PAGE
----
A multi-year research project on porcine reproductive and respiratory syndrome (PRRS) virus will collect data on large numbers of PRRS virus-infected pigs so that researchers can verify important genotypes and phenotypes that predict resistance, tolerance or susceptibility to PRRS virus infection.
A consortium of groups, including the National Pork Board, U.S. Department of Agriculture (USDA), universities, and private companies, have funded a first-of-its-kind approach to food animal infectious disease research. The goal of the PRRS Host Genetics Consortium (PHGC) is to assess the role of genetics in determining pig resistance and susceptibility to PRRS virus infection, pathology and growth effects.
Despite substantial research over the years, understanding what constitutes a protective immune response to PRRS virus remains elusive.
To unlock that mystery, research studies were designed to identify genetic alleles and chromosomal regions as well as blood proteins that might predict why some pigs clear PRRS virus while others remain persistently infected. Identification of these proteins could lead to the development of anti-PRRS virus biotherapeutics or vaccines.
The project uses a nursery pig model to assess resistance and susceptibility. Crossbred pigs from high-health farms were transported at weaning to biosecure Kansas State University facilities. Pigs were acclimated, then infected with PRRS virus and followed for 42 days post infection (dpi). Blood samples were collected at Days 0, 4, 7, 10, 14, 21, 28, 35 and 42 dpi. Weights were recorded weekly. DNA was prepared from every pig for genotyping.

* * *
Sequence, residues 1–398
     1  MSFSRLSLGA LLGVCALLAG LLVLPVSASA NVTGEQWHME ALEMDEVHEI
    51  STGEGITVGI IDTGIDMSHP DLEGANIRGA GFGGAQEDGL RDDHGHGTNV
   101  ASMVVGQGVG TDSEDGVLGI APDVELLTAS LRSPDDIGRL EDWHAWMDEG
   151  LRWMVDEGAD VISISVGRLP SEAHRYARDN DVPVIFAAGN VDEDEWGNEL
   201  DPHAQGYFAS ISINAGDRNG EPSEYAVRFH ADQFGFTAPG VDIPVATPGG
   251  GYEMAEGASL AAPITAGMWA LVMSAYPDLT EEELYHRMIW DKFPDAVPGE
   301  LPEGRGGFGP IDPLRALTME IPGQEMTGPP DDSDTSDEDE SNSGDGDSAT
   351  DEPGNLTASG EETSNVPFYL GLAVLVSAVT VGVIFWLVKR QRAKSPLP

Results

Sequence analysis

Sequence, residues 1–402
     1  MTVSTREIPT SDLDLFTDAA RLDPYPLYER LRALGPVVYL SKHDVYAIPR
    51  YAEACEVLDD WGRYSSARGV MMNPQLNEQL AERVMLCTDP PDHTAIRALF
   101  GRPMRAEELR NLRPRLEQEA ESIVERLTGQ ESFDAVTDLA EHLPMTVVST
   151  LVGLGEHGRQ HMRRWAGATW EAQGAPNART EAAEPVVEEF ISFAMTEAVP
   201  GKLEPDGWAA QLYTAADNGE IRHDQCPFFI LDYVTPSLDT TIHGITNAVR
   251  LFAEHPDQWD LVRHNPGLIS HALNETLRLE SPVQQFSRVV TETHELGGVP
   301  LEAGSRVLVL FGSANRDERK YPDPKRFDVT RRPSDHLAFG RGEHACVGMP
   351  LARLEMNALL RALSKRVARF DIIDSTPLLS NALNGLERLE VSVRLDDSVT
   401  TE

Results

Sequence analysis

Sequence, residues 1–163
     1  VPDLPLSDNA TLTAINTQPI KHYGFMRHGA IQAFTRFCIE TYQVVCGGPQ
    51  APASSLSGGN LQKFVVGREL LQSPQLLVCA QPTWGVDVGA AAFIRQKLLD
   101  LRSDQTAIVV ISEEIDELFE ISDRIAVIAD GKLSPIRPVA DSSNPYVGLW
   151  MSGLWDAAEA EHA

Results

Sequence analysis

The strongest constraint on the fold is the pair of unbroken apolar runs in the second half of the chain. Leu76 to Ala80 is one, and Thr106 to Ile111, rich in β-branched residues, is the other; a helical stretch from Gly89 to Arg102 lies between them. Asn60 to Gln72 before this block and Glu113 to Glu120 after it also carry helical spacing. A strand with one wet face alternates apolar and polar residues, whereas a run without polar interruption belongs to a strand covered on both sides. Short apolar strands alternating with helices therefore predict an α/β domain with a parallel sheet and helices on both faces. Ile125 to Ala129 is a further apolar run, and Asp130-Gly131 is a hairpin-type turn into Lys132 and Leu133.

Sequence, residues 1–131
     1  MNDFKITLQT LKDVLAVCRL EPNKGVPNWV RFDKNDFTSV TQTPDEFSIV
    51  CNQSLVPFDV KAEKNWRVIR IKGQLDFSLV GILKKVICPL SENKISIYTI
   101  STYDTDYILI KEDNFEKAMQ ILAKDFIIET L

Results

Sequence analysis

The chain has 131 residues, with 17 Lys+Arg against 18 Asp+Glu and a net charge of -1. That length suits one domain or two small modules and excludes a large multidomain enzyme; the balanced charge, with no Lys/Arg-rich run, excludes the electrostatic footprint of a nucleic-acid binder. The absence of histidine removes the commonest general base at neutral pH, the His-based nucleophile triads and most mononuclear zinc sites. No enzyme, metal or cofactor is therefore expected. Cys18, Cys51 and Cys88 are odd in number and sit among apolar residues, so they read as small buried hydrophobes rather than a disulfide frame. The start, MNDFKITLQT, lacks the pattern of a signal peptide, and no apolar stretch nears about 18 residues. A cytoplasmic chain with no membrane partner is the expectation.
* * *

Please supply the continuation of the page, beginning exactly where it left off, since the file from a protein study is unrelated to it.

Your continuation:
Data is being recorded in the PHGC relational database at Iowa State University.
Results from the first four trials of 200 pigs per trial indicated that all pigs became PRRS virus-infected. Some pigs cleared virus from serum quicker than others; weight effects were variable and not correlated with virus levels.
These differences in virus/weight categories will enable genetic mapping studies, using whole genome association analyses of 60,000 single-nucleotide polymorphism (SNP) markers with the swine SNPchip, and serum and gene expression studies to compare data from pigs exhibiting resistance and maximum growth to PRRS-susceptible, reduced-growth pigs.
The USDA PRRS Coordinated Agricultural Project (PRRS CAP) and the federal swine genome program are supporting state-of-the-art genome and computer analyses to identify genetic determinants of resistance/susceptibility for the PRRS virus.
Researchers: Joan Lunney, USDA, Agricultural Research Service, Beltsville Animal Research Center; J.P. Steibel, Michigan State University; J. Reecy and M. Rothschild, Iowa State University; and M. Kerrigan, B. Trible and R. Rowland, all of Kansas State University. For more information, contact Lunney by phone (301) 504-9368, fax (301) 504-5306 or e-mail Joan.Lunney@ars.usda.gov.